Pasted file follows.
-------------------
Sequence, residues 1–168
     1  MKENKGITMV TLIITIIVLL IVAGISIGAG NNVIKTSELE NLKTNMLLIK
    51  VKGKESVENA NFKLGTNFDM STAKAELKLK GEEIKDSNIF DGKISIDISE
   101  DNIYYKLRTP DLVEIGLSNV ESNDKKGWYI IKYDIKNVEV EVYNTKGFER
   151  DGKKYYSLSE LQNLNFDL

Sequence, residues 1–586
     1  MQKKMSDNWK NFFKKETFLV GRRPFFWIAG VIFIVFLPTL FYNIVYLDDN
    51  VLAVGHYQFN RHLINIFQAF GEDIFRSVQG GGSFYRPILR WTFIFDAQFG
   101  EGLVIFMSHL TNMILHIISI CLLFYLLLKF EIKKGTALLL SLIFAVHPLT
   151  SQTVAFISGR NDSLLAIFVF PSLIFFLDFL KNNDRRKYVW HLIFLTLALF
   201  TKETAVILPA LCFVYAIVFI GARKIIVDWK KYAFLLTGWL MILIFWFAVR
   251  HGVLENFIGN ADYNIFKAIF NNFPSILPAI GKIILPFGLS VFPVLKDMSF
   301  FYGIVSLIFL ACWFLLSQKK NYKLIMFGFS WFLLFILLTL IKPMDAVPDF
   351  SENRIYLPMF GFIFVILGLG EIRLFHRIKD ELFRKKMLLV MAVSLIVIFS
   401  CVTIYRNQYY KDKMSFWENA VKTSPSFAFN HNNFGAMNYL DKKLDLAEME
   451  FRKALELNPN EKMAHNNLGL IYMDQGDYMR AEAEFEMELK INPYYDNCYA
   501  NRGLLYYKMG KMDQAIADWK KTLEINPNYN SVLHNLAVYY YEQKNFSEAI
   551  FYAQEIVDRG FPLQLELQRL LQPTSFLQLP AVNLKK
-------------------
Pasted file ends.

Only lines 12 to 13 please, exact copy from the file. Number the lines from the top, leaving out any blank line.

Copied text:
   251  HGVLENFIGN ADYNIFKAIF NNFPSILPAI GKIILPFGLS VFPVLKDMSF
   301  FYGIVSLIFL ACWFLLSQKK NYKLIMFGFS WFLLFILLTL IKPMDAVPDF